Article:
What would Henry think, say and do about the horrors of human trafficking, preying upon teenagers worldwide? Or gun violence that has slaughtered school children of all ages? Or parental abuse, drug epidemics, teenage suicide rates?

It is all so unthinkable that this goes on and on without the slightest hint of help from those who have sworn an oath to protect our children from such atrocities. Instead government authorities (Congress mostly) pay us only lip service.

Using this question in our book’s title as a guide — what would Henry do? — we must ask ourselves now what will we do? Please think of Henry when you respond, as in:

  • Speak out against war, slavery and discrimination
  • Engage when all else fails in civil disobedience
  • Participate in a modern-day underground railroad
  • Write a blog or letter or article or book
  • Campaign for candidates who seem likely to actually do something, not just call for a “moment of silence” and then forget and ignore the issue
  • Contribute to social and political organizations actively fighting for our children’s rights and lives, such as the ACLU and other human rights advocacy groups

If you agree, please join me in taking one step, however small, today, then another tomorrow. By banding together, we can end these horrors. Adhering to Henry’s notion of a life of principle, and imagining what Henry himself might think, say and do if he were with us today, we can surely overcome.

 

 

 

 

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A Loch Ness Monster in Long Lake? Or, if Humans Are Creatures, Can Creatures Be Human?

by John Hanson Mitchell

On a clear night recently, two local scientists spotted a strange, long-necked aquatic animal rising above the surface of Long Lake in Littleton, Massachusetts.

Sketch depicts the south shore of Long Lake in Littleton, Massachusetts, where the monster was spotted. Credit: John Hanson Mitchell

Dr.Timothy Ahearn. who holds a degree in aquatic biology, and Dr, Lawrence Millman, an ethnographer and an authority on aquatic animals, were boating along the shores of the lake around 11 PM when they saw a large serpent-like form rise out of the water. The creature stared at them briefly and then arched its back and submerged.

“It looked like your classic Loch Ness Monster, “ Millman said. “Or descriptions I’ve read of Lake Champlain’s creature, Champy, and I would have thought I imagined it, except that Tim saw it too.”

“Neither Larry nor I could believe what we saw,” Dr Ahearn said, “but after it disappeared, our mutual descriptions matched. The thing rose no more than four or five feet above the water and it had a slim snake-like body and a head that resembled some sort of reptilian otter. In fact, we both at first thought it was an otter, but its body was too slim and snake like and far too long.”

Sketch by John Hanson Mitchell

Long Lake, it should be said, does harbor some unique aquatic species. Every August, a host of nickel-sized jelly fish appear en masse in the waters. These were identified a few years ago as Craspedusta sowerbii, a rare species of freshwater jellyfish that occurs in the Yellow River in China, as well as Long Lake and a few other sites in North America.

And Dr. Ahearn, who lives on the lake, has seen a giant water scorpion just below the clear black ice, also immense water bugs. Eels, black water snakes and an unusually large snapping turtle have also been seen in the lake over the years. Furthermore, there was a legend among the local Nashobah Village Indians of a lake creature know as the Ap’chinic, although that “species” lived in Nagog Pond, and was more like a giant octopus.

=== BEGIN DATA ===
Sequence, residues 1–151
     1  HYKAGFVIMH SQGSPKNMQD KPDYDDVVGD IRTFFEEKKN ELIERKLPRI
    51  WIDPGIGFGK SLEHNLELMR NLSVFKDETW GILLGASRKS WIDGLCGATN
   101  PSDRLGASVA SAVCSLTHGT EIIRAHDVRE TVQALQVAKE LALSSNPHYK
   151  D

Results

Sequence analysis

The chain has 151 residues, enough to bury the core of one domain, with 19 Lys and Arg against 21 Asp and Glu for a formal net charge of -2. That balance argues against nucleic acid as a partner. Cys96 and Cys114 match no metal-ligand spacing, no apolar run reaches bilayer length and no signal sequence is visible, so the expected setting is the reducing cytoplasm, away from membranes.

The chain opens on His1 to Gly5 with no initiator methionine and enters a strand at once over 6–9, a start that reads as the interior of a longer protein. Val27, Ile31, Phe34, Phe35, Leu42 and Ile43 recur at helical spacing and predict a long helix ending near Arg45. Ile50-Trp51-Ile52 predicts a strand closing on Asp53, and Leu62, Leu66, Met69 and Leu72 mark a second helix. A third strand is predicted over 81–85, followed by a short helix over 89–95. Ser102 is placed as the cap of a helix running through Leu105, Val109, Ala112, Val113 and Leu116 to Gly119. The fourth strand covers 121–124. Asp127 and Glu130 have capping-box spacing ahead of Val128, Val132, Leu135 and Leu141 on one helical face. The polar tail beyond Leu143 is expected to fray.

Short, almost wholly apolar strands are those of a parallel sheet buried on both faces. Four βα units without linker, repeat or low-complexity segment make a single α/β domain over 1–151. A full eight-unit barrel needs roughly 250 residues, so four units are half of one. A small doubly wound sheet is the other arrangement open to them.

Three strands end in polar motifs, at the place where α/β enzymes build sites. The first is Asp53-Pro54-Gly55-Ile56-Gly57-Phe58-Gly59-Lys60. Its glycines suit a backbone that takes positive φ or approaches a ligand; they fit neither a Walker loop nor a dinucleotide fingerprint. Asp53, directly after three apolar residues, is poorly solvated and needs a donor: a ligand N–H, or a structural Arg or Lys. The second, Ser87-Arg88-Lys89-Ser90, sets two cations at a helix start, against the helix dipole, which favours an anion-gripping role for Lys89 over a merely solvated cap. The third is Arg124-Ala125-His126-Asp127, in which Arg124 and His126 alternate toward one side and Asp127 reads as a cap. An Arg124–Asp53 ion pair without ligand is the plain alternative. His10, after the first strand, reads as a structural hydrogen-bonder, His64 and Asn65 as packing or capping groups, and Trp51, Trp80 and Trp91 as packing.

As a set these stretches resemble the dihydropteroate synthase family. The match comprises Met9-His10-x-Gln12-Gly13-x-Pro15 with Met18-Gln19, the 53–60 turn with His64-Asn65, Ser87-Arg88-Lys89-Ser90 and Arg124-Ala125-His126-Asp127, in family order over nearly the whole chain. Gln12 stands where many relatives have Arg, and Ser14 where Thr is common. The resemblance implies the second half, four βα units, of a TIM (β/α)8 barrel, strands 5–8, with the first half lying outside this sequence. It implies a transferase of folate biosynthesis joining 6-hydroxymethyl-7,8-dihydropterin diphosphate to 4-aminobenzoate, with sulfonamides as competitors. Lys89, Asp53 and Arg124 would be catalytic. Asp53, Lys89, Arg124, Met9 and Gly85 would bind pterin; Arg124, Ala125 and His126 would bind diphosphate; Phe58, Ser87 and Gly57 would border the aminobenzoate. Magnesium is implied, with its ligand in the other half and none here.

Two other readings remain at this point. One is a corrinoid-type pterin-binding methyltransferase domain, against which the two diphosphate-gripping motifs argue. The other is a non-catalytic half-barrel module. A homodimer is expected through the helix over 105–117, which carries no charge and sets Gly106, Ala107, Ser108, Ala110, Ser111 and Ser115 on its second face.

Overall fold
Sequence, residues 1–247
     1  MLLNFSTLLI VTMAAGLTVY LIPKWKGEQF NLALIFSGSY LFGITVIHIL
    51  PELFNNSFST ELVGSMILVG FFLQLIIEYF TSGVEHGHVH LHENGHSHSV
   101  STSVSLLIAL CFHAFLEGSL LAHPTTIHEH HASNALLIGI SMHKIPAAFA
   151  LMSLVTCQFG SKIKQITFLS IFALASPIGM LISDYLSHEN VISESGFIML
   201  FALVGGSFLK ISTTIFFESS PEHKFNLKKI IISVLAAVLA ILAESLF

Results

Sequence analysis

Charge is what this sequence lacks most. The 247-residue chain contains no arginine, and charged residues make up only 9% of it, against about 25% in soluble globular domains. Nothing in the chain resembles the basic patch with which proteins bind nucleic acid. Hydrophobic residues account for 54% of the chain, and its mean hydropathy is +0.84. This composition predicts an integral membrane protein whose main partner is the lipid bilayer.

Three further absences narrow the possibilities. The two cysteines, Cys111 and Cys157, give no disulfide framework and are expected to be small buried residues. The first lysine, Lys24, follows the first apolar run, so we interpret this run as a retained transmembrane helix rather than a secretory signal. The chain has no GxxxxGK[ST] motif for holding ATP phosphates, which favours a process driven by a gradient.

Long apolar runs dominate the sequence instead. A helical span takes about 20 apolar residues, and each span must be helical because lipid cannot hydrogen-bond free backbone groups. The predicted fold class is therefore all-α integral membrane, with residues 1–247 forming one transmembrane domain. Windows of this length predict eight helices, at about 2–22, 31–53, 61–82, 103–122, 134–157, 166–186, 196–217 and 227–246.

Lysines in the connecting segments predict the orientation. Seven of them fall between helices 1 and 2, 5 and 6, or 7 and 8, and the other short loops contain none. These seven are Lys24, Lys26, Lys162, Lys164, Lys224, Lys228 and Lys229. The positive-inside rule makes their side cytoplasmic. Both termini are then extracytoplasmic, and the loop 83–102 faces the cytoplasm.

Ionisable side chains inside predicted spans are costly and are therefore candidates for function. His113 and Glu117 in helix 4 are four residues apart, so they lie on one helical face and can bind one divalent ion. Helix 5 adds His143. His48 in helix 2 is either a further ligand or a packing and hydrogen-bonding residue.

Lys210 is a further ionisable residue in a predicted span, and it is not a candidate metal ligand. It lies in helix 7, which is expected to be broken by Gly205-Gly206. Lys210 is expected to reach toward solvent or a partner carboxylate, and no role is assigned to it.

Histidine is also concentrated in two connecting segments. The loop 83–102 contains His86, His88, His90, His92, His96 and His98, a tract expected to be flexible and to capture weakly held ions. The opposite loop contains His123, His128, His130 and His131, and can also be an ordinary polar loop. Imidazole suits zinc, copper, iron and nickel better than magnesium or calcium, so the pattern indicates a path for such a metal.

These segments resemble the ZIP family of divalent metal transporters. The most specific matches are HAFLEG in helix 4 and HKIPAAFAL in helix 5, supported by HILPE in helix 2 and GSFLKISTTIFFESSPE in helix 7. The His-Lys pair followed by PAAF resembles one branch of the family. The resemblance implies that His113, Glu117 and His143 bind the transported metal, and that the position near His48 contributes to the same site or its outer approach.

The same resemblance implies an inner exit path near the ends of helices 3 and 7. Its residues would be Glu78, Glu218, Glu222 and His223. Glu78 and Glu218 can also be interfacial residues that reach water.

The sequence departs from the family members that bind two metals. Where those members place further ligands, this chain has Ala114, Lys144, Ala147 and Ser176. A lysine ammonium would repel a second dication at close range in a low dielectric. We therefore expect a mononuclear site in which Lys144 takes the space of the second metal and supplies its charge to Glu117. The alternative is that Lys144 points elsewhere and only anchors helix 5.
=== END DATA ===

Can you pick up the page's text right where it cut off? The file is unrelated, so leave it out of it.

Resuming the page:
Dr. Millman, who is a Research Associate at Harvard University, spent several afternoons reviewing the literature on Native American lore and historical reports of local sea serpents but could find no reports, other than the Ap’chinic, and several sightings of a sea serpent in Massachusetts Bay in the mid 19th century, later disputed.

Sea serpents, lake monsters, winged snakes, dragons and the dreaded, ship-swallowing, deep water squid known as the Kraken are, of course, the stuff of legend and myth. But as geographers, anthropologists and crypto-zoologists, point out, the legends and folk-tales of pre-literate cultures often reflect real creatures and prehistoric geologic events such as world-wide floods and ice mountains.

For example, the Nashobah people, a seventeenth century group of Christianized Indians believed that the four winds were trapped inside Nagog Hill and would periodically roar and thunder and shake the very earth. Geologist later determined that the area is an epicenter for earthquakes.

Loch Ness and Lake Champlain are known for their depths, and were both connected to the sea after the retreat of the glacie, the theory being that Pleistocene sea creatures were trapped in the lakes when the lands rose after the ice retreated. Long Lake, by contrast is shallow and spring fed, not prime territory for monsters of the deep.

One other detail, for what it’s worth, is the fact that the Long Lake serpent was seen around Halloween, a period when cultures around the world record extraordinary events; the dead can walk, spirits rise from the earth, and bats, witches, dragons, flying snakes and other “mythic” creatures course through the air.

It is also the time of year when the so-called Wild Hunt would pass over. Ghostly hunters, eternally damned, would touch down on earth in this season in the form of high winds and carry people away, only to have them return weeks, or even months later with no memory of where they had been.

So why not a local Long Lake primordial water dragon?

“This thing was benign,” Millman said. “Not dangerous. It just stared at us briefly in curiosity. Littleton should be honored to host such a rare being.”

John Hanson Mitchell is a travel and natural history writer and the author Ceremonial Time: Fifteen Thousand Years on One Square Mile. He founded and edited the Massachusetts Audubon Society journal, “Sanctuary.” Mr. Mitchell lives in Littleton, Massachusetts.